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Yes, it's hot, expensive, and ridiculously full of dudes and dudettes you'd much rather avoid being penned in with for hours on end. That said, Coachella's lineups read like a who's who of the music world, mixing tested and widely-known acts with up and comers who you'll get to say "I saw them at Coachella" about when they get big next year. A standard-bearer for the world music scene, and a festival second to none.
Though the original Great South Gate that was once the symbol of the city was torched by an arsonist a few years back, this old section of Seoul north of the river remains a great spot to visit for its gritty charm and maze of street markets and stalls, selling a little bit of everything.
Though it's going to disappoint in comparison to the temples of Cambodia and Thailand, this set of ruins makes a worthwhile day-trip if you've got a free day in Hoi An. Like virtually everything in Vietnam, the temples here bear some scars from the American War.
This no-frills resto in the Mission is great for huge portions of tasty vermicelli, spring rolls, and other Vietnamese favorites. The ambiance will hardly knock your socks off, but the food (and price!) more than make up for it.
Famous for its nudity (which isn't really the whole beach), this is the "town" beach for SF, and while it won't change your life it *is* lovely. A great place to chill out with a beer and people-watch or have a dip on a hot day, though beware of rips. For a bit of adventure, climb around on the rocks heading towards the Golden Gate.
Kurokawa Onsen village is everything a traditional Japanese hot spring village should be - tranquil, pretty, relaxing, and charming without being hackneyed. An hour's drive from the rail junction at Aso, the village manages to find a balance between the neon and concrete sprawl of larger onsen towns, and the ultra-expensive exclusivity that makes others inaccessible to all but the well-heeled. The two dozen traditional ryokan inns in town have banded together to allow day visitors to visit on the 'onsen passport' system, a 1200Y pass that grants access to any three of the onsen in the village. Personal favorite? -- Yamamizuki ryokan's stunning riverside bath, a short walk from the town center.
Located in south Delhi (enlist the help of the internet and a competent rickshaw driver to find it), this tomb of a renowned Sufi (Islamic) saint is one the most fascinating places to experience a bit of spirituality in the Indian capital, provided you visit on the one night a week (Tuesday at 7pm at time of research) that Sufis from all over the capital come to gather and pay respects. Elsewise, it's merely an ancient bit of the city rich in history.
Four floors of respectable drinking and nightlife in the heart of Sydney's seedy Kings Cross neighbourhood (actually, avoid the first floor -- it's mostly bogans and barflies). There's a rotating menu of good food and drink specials (including a $5 beer of the month that's almost always a great choice), and the 2nd-floor terrace is one of the best spots to people-watch the crowds on the street below. Upstairs there are often DJs and live bands on weekend nights. Awesome local radio station FBI (94.5) hosts cool local live music every week for FBI Social.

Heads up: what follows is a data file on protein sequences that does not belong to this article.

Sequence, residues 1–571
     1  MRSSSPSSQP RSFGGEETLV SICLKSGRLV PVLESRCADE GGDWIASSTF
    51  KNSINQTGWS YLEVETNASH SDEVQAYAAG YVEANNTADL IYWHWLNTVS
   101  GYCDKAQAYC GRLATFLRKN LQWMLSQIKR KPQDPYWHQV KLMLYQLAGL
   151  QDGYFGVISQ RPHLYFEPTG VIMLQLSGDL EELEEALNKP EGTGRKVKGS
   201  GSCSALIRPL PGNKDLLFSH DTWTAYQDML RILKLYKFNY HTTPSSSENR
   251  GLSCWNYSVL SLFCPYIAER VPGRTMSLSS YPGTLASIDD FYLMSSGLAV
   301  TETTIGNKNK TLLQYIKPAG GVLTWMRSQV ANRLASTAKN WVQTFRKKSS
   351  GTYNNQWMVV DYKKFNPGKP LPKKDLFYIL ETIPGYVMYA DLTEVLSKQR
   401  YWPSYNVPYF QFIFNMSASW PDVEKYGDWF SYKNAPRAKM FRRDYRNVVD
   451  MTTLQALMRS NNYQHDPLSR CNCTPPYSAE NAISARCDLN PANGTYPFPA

Near the King Street Wharf area, Sydney's new(isn) One Six Eight is a pricey but good-value addition to the city's gourmet dining scene. The eight-course tasting menu with matching wines is highly recommended, featuring inventive creations like kingfish ceviche with horseradish ice cream -- divine.
One of the best examples in the world of traditional Dravidian (South Indian) temple architecture, the riotously decorated gopuram towers of this temple have to be seen to be believed -- adorned with an incredible collection of deities and animals. Beyond that, this temple is one of the most important Hindu pilgrimage sites in South India, and is an excellent place to get into the swing of the subcontinent's spiritual side. Bring a camera, but be forewarned that only Hindus are allowed into the innermost sanctum (though this is only a small part of the temple complex).
The ultimate in authentic no-frills Chinese cheapies, this spot serves amazing specialties like steamed pork-and-chive dumplings and wonderfully chewy Xinjiang noodles, among many others. BYO is only $1, and portions and quality are as good as anything the city has to offer.
Beloved as the go-to spot for Sydney's runners, walkers, cyclists and equestrians, you don't have to venture far in from the paved oval that runs around the park perimeter to find a bit of natural beauty. With palm-lined tracks and placid, reed-fringed lakes, it's a gorgeous spot for a wander -- open space that's the silver lining to Sydney's sometimes relentless sprawl.
Cat Ba Island is the perfect place to get a little bit off the Ha Long Bay tourist treadmill and go exploring. Much of the island is a lush, green national park with nifty walks and caves to explore. Come independently, hire a motorbike for a day or two, or just set off on foot.